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Published: 15:25, May 13, 2022
Rural schools bring families closer through learning initiative
By Xinhua
Published:15:25, May 13, 2022 By Xinhua

Tan Xiangying shares her thoughts at a reading salon with teachers and other family members of students at her grandchildren's primary school in April. (TANG YI / XINHUA)

CHONGQING-"Come on, time to go to school." Tan Xiangying, 70, would once urge her two grandchildren, but now it is the other way around-the kids remind Tan about her classes.

Thanks to a unique education model that is slowly gaining traction in the rural areas of Southwest China's Chongqing, children are enjoying a healthy family environment.

In 2019, Tan began attending a reading salon at the local primary school with her grandchildren under the initiative.

Organized by the primary school in Xituo township, Shizhu Tujia autonomous county, the weekly salon focuses on family education, emphasizing the important role of the parents in children's growth.

Tan's son and daughter-in-law work far away from home. To learn how to get along better with their two children, Tan joined the salon following her daughter-in-law's suggestion.

The reading salon focuses on specific topics for guardians, such as how to manage their emotions and how to get along with children. The adults read together and exchange their thoughts, while teachers deliver formal lectures.

Initially, many attendees, including Tan, were apprehensive about such a concept. "If they want us to teach our children or grandchildren, what will teachers do?" That was, initially, the prevailing thought among the locals.

According to the guardians, a teacher's job is to teach while guardians are obliged to just ensure the children's basic needs are fulfilled.

Tan studies alongside her grandchildren at home in Shizhu Tujia autonomous county, Chongqing. (TANG YI / XINHUA)

However, after the first session at the salon, Tan was shocked to realize how wrong she had been.

"I had no idea my every small move could have massive impacts on the children. I used to berate them frequently. However, I have tried to befriend them now," Tan says.

Liu Jinxin, Tan's granddaughter, says she has noticed significant changes in her grandmother. "She is more gentle now and often praises us."

Tan's mindset has undergone remarkable changes and she has immersed herself in the learning process. She dropped out of primary school at a young age and since then, most of her life has been about doing farm work and looking after cattle.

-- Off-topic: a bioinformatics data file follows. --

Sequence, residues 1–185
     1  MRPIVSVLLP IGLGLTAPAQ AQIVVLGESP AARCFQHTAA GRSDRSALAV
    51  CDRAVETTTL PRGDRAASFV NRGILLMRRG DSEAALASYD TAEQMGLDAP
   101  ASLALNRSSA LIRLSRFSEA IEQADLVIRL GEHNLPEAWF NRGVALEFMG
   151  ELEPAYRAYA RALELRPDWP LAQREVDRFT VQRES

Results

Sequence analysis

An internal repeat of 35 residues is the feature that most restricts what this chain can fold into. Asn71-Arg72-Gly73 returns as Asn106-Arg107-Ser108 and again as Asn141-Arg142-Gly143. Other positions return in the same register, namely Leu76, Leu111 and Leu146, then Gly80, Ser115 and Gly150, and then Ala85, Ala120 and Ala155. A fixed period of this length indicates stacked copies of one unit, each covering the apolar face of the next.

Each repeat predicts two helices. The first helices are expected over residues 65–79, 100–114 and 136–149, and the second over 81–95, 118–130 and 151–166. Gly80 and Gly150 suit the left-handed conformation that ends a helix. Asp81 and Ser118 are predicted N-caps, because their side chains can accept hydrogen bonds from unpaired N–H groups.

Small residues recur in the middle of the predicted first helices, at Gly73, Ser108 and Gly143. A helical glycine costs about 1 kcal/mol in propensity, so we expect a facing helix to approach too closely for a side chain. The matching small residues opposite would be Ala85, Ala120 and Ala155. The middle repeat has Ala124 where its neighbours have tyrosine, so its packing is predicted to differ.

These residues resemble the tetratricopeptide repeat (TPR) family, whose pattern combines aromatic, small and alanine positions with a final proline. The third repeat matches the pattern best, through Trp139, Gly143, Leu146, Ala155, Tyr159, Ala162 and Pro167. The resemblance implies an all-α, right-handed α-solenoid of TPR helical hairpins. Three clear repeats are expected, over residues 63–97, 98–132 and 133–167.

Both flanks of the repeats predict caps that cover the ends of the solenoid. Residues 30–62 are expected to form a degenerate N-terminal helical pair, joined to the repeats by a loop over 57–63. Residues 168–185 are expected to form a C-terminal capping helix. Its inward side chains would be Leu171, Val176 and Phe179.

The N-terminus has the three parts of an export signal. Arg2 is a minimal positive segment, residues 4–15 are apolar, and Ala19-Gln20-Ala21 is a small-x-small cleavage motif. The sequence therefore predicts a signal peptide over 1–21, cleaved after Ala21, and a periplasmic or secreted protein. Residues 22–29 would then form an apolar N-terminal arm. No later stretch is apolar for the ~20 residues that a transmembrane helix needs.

Thanks to this reading salon, Tan has rediscovered the joy of learning. From being a person who could barely write characters before, she has already filled six notebooks to document what the teacher said in the salon.

"I am so happy now. I never imagined that I could have such a wonderful school life," says Tan. She also invited more than 10 other elderly people to join the salon.

The reading salon was advocated by the newly released Family Education Promotion Law of China, which took effect at the beginning of this year.

The new law stresses that parents or other guardians need to promote the comprehensive and healthy growth of minors in moral quality, cultural accomplishments, behavioral habits, among other aspects.

As the first teacher in the school to give classes to the guardians of children, Cui Xiaolan says she and her colleagues are glad to see the law's promulgation, which proves the direction they have taken over the past seven years has been the right one.

In 2015, Cui found that many children in the school were "left-behind "as their parents left home to make a living. She realized how easily this may result in a lapse in family education, prompting her to organize such reading salons for the children's guardians.

Apart from elderly people like Tan, young full-time mothers are also among the attendees.

As Peng Dongqing, 33, didn't make it to college, her daughter had to bear the brunt of her anxiety. Peng was overly concerned about her daughter's grades and has constantly pushed her to go beyond her limits.

But after attending the salon, Peng realized that nobody is perfect, including her own child. "I need to care more about my daughter's happiness and focus on finding her talents in other fields, rather than only caring if she excels in the exams," she says.

In seven years, the number of participants in the reading salon has grown from 10 to over 500, and teaching sessions have been successfully held 158 times, Cui says.

This "guardian education" model has already been carried out in 89 public schools in Shizhu Tujia autonomous county.

"Be it theory, or in practice, a good education needs effort from both the school and the family. We hope every child can grow in a healthy environment filled with love," says Tan Lamei, deputy director of the county's education department.


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